Designer David Bowen has created a machine that scans an onion and makes a model of it every 24 hours.
Called Growth Modeling Device, the project is on show at Z33 in Hasselt, Belgium, as part of an exhibition called Design by Performance.
The design uses lasers to scan the onion from one of three angles every 24 hours, then prints a model from liquid plastic using the data.
The models are displayed on a conveyor belt, documenting the growth process.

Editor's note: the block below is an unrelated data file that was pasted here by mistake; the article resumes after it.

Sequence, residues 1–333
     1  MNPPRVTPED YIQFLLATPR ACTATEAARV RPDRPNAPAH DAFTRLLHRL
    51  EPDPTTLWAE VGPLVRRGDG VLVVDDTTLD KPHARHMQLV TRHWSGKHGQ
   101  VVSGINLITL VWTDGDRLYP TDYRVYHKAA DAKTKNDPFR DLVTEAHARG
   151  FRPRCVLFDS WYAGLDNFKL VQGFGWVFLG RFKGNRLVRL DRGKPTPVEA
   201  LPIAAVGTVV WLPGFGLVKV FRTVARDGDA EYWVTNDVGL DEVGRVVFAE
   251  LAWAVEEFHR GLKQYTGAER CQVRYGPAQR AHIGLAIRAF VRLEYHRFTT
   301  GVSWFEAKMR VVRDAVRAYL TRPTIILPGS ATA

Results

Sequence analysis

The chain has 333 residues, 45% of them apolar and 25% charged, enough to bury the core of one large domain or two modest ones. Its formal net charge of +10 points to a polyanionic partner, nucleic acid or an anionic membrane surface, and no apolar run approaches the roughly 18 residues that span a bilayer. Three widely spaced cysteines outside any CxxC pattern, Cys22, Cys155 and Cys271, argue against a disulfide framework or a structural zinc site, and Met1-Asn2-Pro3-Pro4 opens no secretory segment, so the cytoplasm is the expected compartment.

Also on show at Design by Performance: Debug by Edhv, where posters are printed according to the movement of insects.
Here's some more information from Bowen:
David Bowen, Growth Modeling Device
This system uses lasers to scan an onion plant from one of three angles. As the plant is scanned a fuse deposition modeler in real-time creates a plastic model based on the information collected. The device repeats this process every twenty-four hours scanning from a different angle. After a new model is produced the system advances a conveyor approximately 17 inches so the cycle can repeat. The result is a series of plastic models illustrating the growth of the plant from three different angles.
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